Therefore, in the study, we determined two genes (CHAC1 and GPX8) associated with antioxidant system and unraveled their prognostic value in GC by bioinformatics methods. Different from previous predicting tools, this score-based risk model could act as a more efficient indicator for GC patients OS prediction and could help classification and individualized treatment for clinical application. Kaplan-Meier curves verified that patients with higher risks showed worse prognoses. Furthermore, we established a comprehensive nomogram model to provide a more efficient predicting tool in clinical practice and help make a more accurate assessment of GC patients.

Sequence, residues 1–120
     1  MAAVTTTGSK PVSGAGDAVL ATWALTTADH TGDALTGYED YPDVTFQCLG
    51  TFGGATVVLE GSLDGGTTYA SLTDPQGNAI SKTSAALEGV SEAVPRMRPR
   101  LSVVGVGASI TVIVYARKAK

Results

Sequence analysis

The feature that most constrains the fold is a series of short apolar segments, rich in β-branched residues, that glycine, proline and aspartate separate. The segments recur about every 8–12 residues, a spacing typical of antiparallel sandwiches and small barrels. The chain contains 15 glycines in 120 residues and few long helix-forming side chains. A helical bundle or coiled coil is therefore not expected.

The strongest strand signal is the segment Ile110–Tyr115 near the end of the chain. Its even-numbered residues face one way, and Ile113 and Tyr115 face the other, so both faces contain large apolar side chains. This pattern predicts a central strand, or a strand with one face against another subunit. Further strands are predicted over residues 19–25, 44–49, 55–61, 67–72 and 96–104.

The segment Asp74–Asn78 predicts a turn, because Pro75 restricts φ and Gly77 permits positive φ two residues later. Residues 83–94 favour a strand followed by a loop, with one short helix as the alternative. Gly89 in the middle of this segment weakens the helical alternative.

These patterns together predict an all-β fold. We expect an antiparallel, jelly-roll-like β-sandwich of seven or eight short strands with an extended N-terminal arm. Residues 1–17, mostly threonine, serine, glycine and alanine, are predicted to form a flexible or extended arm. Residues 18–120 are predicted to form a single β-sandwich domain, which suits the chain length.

As for the two antioxidant-related genes, derived from a family of Cys-glutathione peroxidase, GPX8 mainly resides in mitochondrial endoplasmic reticulum membranes and it supports the folding of oxidative protein [35, 36]. In addition, it can reduce hydrogen peroxide, lipid hydroperoxides, and other damage related to oxidative stress with glutathione (GSH), which was closely associated with carcinogenesis [37, 38]. Scholars discovered the GPX8/IL-6/STAT3 axis as an essential pathway in regulating cell aggressiveness of breast cancer [39]. And in GC, expression of GPX8 has been proved to increase in GC patients with worse OS, and it was confirmed to be an independent prognosis predictor [40], in accord with our result. However, its regulatory pathway and cellular functions have not been fully elucidated. CHAC1, a newly discovered enzyme associated with γ-glutamyl cyclotransferase activity, could degrade intracellular GSH, which might cause oxidative stress and contribute to necroptosis and ferroptosis in cancer [41, 42]. In previous studies, higher expression of CHAC1 could act as a protective role in accelerating apoptotic death of glioma through various pathways [43], and it was suggested to be included in prognostic prediction to aid the scheme of treatment in breast cancer [44]. Our results also indicated the protective role of CHAC1 and showed significant predictive value. Contradictorily, some scholars found the overexpression of CHAC1 in H. pylori-infected parietal cells could increase the risk of GC [45], but overall, there are few studies and direct evidence illustrating the relationship between CHAC1 and GC. As analyzed above, these two key antioxidant-related enzymes act as important parts in the growth and proliferation of GC and show prognostic value in GC patients. Furthermore, oxidative stress and antioxidant system play a vital part in the tumorigenesis and progression of GC.